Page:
“Smart grid” faces significant barriers to expansion, despite growing interest in the technology, the Energy Department said in a report released yesterday.
The study found low penetration for most smart-grid components but saw potential for growth as more cash for technology development and deployment becomes available.
As connection requirements for distributed generation resources become more standardized and cost-effective, “the area is experiencing high growth,” the report says. But some distributed generation resources, including electric vehicles and demand-response initiatives, are only at a “nascent phase of development,” it notes.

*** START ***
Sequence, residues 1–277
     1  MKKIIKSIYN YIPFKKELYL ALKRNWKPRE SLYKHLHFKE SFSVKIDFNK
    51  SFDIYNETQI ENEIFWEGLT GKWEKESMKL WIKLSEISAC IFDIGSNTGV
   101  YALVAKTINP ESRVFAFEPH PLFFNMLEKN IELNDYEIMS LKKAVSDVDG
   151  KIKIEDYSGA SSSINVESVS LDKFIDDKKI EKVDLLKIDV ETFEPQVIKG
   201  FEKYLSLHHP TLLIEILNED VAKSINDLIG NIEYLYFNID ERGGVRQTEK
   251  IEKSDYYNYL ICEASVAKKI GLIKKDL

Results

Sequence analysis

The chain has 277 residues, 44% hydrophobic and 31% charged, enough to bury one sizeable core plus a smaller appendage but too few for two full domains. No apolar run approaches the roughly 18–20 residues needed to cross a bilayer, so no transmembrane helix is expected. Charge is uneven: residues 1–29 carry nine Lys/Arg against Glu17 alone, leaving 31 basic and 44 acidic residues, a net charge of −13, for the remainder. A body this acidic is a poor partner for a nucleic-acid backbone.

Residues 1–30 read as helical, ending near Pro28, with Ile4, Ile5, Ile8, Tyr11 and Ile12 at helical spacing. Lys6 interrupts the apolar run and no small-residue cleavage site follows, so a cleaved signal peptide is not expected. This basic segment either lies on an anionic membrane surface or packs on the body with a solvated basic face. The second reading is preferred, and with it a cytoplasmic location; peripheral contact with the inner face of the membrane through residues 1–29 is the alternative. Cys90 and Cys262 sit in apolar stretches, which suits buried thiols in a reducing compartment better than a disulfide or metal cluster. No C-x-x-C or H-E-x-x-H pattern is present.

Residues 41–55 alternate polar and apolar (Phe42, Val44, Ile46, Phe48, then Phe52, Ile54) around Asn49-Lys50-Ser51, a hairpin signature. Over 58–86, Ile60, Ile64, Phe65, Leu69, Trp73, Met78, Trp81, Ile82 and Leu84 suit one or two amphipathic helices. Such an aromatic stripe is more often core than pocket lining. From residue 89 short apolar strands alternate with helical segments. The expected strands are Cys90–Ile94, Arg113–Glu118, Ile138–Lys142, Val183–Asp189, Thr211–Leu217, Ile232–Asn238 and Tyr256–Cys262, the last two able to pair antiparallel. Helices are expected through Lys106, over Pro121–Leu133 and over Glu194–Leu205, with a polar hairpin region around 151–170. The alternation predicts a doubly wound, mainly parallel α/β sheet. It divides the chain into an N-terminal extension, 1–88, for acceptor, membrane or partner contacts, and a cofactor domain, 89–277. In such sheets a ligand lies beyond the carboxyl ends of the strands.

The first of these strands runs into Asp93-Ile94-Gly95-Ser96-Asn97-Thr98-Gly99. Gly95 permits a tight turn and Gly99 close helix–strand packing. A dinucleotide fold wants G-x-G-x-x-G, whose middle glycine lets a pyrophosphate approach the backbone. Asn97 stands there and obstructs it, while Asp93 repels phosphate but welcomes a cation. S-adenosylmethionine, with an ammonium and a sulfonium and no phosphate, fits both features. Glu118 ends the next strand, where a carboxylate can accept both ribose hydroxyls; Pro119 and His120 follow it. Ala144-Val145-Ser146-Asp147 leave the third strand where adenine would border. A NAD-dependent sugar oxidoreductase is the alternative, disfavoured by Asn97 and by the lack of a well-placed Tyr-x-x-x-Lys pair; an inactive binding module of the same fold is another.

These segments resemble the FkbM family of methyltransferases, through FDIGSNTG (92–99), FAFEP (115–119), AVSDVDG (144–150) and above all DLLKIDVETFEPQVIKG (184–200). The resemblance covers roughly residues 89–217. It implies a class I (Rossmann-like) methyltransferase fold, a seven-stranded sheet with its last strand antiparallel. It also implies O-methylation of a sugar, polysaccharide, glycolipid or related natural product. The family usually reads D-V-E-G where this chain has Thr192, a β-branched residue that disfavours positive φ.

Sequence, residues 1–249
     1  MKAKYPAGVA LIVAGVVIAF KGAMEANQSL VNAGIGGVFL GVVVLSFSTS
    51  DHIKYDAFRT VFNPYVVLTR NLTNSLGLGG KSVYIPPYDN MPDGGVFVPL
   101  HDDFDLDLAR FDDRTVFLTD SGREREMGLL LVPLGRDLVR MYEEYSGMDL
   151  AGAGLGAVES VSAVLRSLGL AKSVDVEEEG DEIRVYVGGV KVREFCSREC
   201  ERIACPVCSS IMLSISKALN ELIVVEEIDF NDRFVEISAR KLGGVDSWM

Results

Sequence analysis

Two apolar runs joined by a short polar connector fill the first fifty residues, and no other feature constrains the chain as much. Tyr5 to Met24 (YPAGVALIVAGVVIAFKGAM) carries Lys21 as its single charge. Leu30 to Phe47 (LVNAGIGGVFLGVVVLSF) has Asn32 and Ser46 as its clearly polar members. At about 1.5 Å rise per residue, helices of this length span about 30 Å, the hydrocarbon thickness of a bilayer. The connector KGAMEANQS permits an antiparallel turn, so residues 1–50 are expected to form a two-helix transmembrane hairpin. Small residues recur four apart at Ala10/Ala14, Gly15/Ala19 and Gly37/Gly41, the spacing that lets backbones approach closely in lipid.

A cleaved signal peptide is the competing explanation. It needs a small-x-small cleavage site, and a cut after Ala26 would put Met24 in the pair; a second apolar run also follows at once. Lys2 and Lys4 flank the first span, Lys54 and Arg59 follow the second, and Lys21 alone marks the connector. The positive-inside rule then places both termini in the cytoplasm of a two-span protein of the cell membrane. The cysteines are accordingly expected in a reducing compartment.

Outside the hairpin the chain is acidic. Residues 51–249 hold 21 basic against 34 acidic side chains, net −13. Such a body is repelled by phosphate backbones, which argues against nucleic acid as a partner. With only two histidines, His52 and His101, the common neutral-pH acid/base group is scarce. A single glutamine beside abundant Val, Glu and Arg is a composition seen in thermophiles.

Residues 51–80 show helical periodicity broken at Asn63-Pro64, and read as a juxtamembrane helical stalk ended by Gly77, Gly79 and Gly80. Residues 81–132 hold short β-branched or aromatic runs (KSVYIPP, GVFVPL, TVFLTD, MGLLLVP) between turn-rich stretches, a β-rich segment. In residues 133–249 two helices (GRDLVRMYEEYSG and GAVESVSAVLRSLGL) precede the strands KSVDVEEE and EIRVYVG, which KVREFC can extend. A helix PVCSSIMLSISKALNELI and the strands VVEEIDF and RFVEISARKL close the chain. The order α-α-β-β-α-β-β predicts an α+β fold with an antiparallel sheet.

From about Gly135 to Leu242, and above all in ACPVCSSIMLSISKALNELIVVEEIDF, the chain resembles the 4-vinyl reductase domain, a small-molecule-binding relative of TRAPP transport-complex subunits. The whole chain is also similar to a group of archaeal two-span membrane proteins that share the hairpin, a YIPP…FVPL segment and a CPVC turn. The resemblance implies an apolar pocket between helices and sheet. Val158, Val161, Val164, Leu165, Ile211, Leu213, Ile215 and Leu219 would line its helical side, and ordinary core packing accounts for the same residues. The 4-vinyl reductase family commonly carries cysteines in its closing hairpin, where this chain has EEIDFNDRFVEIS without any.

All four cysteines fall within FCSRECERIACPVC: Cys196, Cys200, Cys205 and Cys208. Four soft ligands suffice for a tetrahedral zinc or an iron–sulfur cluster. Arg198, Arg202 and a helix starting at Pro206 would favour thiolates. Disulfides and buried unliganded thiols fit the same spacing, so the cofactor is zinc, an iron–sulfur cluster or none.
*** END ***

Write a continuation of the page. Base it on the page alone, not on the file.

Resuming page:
Two new sister lines of rice are defying rice’s reputation as a thirsty crop as they demonstrate their improved productivity in drought-prone regions of India and the Philippines.
Rice Today‘s July-September 2009 edition features the development of drought-tolerant rice and other research the International Rice Research Institute (IRRI) and its collaborators are doing to curb the devastating effects of drought.
With some degree of water shortages predicted to affect 15-20 million hectares of irrigated rice within 25 years, smart crop management and even genetically modified rice may also play a role in helping farmers cope with the crisis.
The army is beginning to measure its carbon footprint, as part of a broader emphasis on the costs of climate change.
An environmental, health and safety management system called Enviance, piloted at Fort Carson, is being rolled out to 11 more Army facilities around the country, including Fort Hood and Fort Benning, to help track their carbon “bootprint.”
The Army has well over 100 installations in the United States.